Recollections: Heterotopias of nostalgia
School of Arts, Design and Architecture | Master's thesis
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Master’s Programme in Visual Cultures, Curating and Contemporary Art
AbstractIn Recollections: Heterotopias of Nostalgia I explore the concept of nostalgia and how it affects personal as well as collective identity. The research leans strongly on affect theory and Michel Foucault’s concept of heterotopia. The central research question “Is nostalgia a Foucauldian heterotopia?” focuses on what makes a place a heterotopia, and whether the same characteristics can be found in the place of longing. I found that what makes a place a heterotopia, according to Foucault, is a contradiction: the place exists and also does not exist, at the same time. I looked at nostalgia from many different perspectives and discovered that the same can be said of the place of longing: full of contradictions, it simultaneously exists and does not exist, making it a heterotopia. Chapter 3 addresses the connection between place, space, and the environment that surrounds us, and nostalgia. Chapter 4 deals with the unreliability of memory. The methodological framework for this chapter is provided by The Gay Science by Friedrich Nietzsche and Reasons and Persons by Derek Parfit. Community and collective memories are the focus of chapter 5, and the publication Decadence 4ever, which I curated, forms a part of the research related to this topic. Chapter 6 focuses on a special form of nostalgia that one feels for a place they have only visited in films, books, and songs. Chapter 7 looks at the connection between nostalgia and analogue media. In my research, I did not shy away from sentimentality. Instead, I argued that it is important and necessary to open up one’s vulnerability through sharing a part of one’s identity in personal stories. As we look at the past always from a new perspective as time passes, the stories change in meaning. That means that we have to keep retelling them, rebuilding the narrative, on a personal level as well as on a social one. In order to achieve positive change, we must accept that our stories and histories are unreliable and must be re-evaluated and re-interpreted on a regular basis. This written part of my thesis is the second to a three-part project. The first part is the curatorial art publication Decadence 4ever. The third part, which builds upon the results of my research in the first two parts, is a hand-printed and self-published collection of monotype-printed short stories about youth, friendship, and love, called The Nostalgia EP.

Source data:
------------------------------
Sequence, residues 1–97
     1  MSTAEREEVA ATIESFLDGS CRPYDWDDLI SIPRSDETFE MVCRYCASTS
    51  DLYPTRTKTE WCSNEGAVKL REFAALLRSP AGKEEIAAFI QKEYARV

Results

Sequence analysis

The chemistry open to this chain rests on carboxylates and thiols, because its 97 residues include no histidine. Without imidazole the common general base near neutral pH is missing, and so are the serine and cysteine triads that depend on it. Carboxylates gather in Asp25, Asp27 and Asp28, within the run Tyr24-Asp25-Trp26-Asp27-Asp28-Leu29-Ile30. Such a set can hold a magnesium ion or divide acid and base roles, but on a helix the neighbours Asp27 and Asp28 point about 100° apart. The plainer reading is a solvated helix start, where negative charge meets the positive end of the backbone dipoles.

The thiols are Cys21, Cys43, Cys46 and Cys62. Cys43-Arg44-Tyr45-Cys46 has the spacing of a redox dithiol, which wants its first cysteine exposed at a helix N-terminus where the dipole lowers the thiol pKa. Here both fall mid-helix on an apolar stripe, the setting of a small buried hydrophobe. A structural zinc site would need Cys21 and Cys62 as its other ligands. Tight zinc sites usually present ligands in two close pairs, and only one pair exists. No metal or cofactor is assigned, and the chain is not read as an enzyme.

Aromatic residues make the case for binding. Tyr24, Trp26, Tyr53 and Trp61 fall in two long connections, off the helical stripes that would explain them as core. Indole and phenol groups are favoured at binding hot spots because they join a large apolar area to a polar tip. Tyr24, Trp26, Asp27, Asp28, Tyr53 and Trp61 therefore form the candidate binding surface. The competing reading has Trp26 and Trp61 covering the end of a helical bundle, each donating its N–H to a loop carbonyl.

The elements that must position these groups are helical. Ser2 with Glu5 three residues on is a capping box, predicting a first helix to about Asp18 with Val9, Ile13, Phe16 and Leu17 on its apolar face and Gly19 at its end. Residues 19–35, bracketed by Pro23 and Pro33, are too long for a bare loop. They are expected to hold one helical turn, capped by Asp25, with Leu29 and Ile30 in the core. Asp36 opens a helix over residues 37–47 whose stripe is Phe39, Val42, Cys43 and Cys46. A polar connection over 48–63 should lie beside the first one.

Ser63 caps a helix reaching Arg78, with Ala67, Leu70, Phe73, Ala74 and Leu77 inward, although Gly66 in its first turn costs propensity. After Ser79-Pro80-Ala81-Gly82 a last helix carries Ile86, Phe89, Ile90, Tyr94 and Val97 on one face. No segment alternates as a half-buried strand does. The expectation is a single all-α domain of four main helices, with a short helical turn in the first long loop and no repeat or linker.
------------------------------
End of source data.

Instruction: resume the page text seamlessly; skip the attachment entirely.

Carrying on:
Thesis advisorRyynänen, Max
nostalgia, heterotopia, identity, narrativity, sentimentality, affect, memory, community